A new report from Microsoft suggests the UK is falling behind the trend when it comes to IOT adoption, risking losing out on the economic benefits of the digital economy.
At the moment, it seems the UK can’t do much right in the digital world. Yes, it might be one of the quickest nations worldwide to get all of its MNOs into the 5G race, but there are numerous stories which condemn the potential of the country, suggesting actions are not following the strong rhetoric which has been set forward by the UK Government.
Whether it is Brexit and the delayed decision on Huawei, a sluggish approach to fibre broadband deployment or poor regulations which inhibit speedy deployment, the UK constantly seems to be at risk of losing out on the promised bonanza in the digital economy. Here, Microsoft is suggesting sluggish adoption of IOT could be another worry.
According to the research, 73% of the respondents work for UK companies which have adopted IOT. This might sound like an impressive number, though it compares to 88% in Germany and China, 87% in France and the US, and 83% in Japan. Of those who have adopted IOT in the UK, only 80% of the respondents believed it was ‘critical’ to their success in the future.
Although you always have to take these reports with a pinch of salt, Microsoft will certainly benefit from hyping the importance of IOT, it might be considered a concern the UK is not dining at the top table. Some of those with the biggest worriers might be the telcos.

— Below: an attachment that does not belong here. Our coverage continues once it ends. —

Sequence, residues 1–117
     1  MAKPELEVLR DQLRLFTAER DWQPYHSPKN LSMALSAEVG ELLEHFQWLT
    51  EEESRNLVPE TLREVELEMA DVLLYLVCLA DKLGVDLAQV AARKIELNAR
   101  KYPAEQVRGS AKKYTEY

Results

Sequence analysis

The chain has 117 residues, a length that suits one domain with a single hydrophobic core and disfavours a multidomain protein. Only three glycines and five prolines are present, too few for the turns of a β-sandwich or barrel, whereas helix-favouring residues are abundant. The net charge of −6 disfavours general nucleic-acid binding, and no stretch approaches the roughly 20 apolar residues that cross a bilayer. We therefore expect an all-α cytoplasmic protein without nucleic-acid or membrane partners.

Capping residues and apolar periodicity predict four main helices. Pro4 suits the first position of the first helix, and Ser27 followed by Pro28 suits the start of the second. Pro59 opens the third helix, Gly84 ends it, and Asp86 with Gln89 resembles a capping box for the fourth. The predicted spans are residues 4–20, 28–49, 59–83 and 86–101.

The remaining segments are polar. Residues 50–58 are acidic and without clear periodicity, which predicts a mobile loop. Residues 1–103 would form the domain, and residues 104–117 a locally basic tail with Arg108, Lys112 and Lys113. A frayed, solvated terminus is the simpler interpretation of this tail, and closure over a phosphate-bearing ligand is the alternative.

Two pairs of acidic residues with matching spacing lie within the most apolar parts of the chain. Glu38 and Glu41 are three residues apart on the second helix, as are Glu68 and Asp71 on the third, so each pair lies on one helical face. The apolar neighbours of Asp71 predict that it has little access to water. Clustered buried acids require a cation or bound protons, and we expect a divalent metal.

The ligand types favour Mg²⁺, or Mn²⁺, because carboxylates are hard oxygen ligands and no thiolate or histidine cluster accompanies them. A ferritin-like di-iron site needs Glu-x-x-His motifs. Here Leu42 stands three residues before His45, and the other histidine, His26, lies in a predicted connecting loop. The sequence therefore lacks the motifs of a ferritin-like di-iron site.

The original promise of 5G was to drive higher download speeds to satisfy the consumer’s insatiable appetite for data, though the conversation has evolved over the last 18-24 months. Now you have numerous telcos around the world preaching the benefits of IOT to enterprise customers as this could represent a significant new revenue stream in the future.
In the UK, IOT has been central to the messaging from Vodafone while O2 has been exploring how it can work with enterprise business customers more intimately. The telcos are searching for ways they can engage enterprise customers beyond traditional connectivity, and not only does IOT drive additional revenues, it opens up conversations with new customers.
At almost every Vodafone event over the last few years, seeing a large plastic cow with a sensor draped around its neck was a guarantee. The connected cow has become as much as an inside joke as the talking fridge, but it does represent entirely new opportunities for the telcos. Farmers might never have been customers in the past, but should the benefits of IOT be effectively communicated, there are numerous segments where the door could be opened.
That said, first and foremost the telcos will have to navigate the traditional reserved and conservative nature of the Brits. As you can see from the adoption rates listed above, it seems the old attitudes of the UK are still prevalent.